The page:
I had an eventful day this past Monday. I went to my last counseling session. Well, it probably won’t be my last because life likes to go a little wonky from time to time and I think for the rest of my life when life goes a little sideways I will happily take myself to a counselor’s couch for a while. But, for now, after almost three years of sitting on that couch every other Monday, I’ve passed through to the other side. And do you know what’s crazy? In that whole three years of couch sitting all sorts of life stuff happened. Good stuff, bad stuff, sad stuff, confusing stuff, but through it all sitting at the core of all that “stuff” were just a couple of key battles I had to learn to fight.
I won’t bore you with all the details but there was one battle I waged, and will continue to back down, that I found particularly fascinating and I would like to share it with you. This was a war I fought with sadness. For decades I fought sadness off with every weapon I had in my arsenal. I got angry with it (this was my personal favorite, by the way.) I ignored it. I ran away from it. I did everything in my power to downplay the significance of sadness. There were memories from my past that when even mentioned by my counselor, would cause me to sob uncontrollably and then, when I had gained composure, I absolutely refused to talk about. They were too much. The sadness was too much. The grief was too hard. And when I entered into it, I felt too vulnerable and if I was honest, too weak.
Not to sound like super chipper Joy from Inside Out (An amazing movie, by the way. It may or may not have played a significant role in this journey I took), but sadness was just such a weak feeling to me. It did nothing. It got you nowhere. It left you at the mercy of others and it could sometimes lead to people feeling sorry for you and nothing was more painful to me than sensing someone felt sorry for me.
And after a few years of sitting on a counselor’s couch and a few months of sitting on another counselor’s couch and having her zap my brain (not really, but if you have never heard of EMDR you should check it out. It’s incredible.) I came to this past Monday. As my counselor and I talked and recapped my journey of the last three years, she said something to me that made me draw in a sharp breath and exhale a breath of freedom. She said, “I think you have learned to touch sadness. And more importantly you have learned that sadness won’t kill you. And even more importantly, you have learned to walk through sadness.”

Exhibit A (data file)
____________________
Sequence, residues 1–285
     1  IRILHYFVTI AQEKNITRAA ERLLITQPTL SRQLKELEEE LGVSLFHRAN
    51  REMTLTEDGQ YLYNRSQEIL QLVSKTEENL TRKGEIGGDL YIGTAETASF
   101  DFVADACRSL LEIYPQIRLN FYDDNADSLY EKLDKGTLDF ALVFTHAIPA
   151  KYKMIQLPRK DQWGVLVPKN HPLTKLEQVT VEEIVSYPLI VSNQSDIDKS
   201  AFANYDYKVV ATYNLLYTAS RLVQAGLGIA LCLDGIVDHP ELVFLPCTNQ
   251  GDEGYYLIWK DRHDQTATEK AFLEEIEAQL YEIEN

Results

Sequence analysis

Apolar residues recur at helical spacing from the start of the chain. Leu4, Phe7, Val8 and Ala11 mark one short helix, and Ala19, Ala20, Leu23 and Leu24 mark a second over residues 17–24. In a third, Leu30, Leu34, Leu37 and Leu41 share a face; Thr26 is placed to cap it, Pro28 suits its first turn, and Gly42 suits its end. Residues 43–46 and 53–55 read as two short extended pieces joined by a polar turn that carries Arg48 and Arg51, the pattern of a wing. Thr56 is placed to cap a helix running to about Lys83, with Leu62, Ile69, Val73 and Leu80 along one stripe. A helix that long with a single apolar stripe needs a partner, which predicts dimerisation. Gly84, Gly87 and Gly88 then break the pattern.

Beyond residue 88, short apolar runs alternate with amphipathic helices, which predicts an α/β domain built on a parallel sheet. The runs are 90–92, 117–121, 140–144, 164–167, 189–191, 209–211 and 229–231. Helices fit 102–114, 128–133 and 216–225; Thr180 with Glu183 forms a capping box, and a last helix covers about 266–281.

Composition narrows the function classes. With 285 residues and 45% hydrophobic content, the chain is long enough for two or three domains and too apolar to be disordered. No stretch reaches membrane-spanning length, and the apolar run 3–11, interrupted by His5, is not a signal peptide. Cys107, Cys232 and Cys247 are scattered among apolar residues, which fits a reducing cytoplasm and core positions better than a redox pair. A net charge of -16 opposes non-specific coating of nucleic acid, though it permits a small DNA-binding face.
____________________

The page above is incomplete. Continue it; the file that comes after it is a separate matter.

Do you know what crazy, random thought popped into my brain when she said that? A line from a book I haven’t read in years but is etched in my brain forever. It’s from The Last Battle by C.S. Lewis and it’s such a small line, almost an aside tucked in a paragraph filled with meaning. As the good guys prepare to wage war against the bad guys, the leader of the good guys is giving some last minute instructions. When he gets to a character named Jill, my personal favorite Narnian character, he says this “If you must weep, turn your head to the side so you don’t get your bow string wet.”
This line stuck in my brain even the first time I read it at 8 years old and every time I have read it since, countless times, I have paused at that line and felt there was a significance to it I simply couldn’t understand at the time. And also, what?! There’s no crying in war! Get a grip, Jill!
And as I sat in my counselor’s office and she remarked on my ability to touch sadness and move through it, I suddenly thought of Jill. Jill, the warrior. Jill, with string on bow ready to do her part in what would be the ultimate battle against evil. Jill was waging war while weeping. She wept because the sadness of the impending moment was too much. It was too real. It was overwhelming. And yet, there she was. Bow at the ready. String ready to release. Arrow ready to fly. Battle ready to be waged.
Her sadness did not stand in the way of the role she had to play. If anything, it fueled her passion to fight it! Her sadness was a reminder of the significance of what she was fighting for! She touched her sadness. She moved through it. And she played her role. She fought the battle.
As this image of Jill played over and over in my mind, I realized the significance of this minuscule line for me all those years ago and why it had haunted me every time I came across it. I had never seen someone be given permission to weep while fighting. I certainly had never allowed myself permission to weep as I came up against life’s hardships. I had viewed sadness as weakness and I knew weakness played no role in the battle that is life sometimes.
But now, I see sadness for what it really is. An asset. A reminder. A wellspring of passion and significance. It is possible to be a weeping warrior. In fact, they might just make the best kind of warrior. The weeping warriors can touch sadness and battle their way to the other side.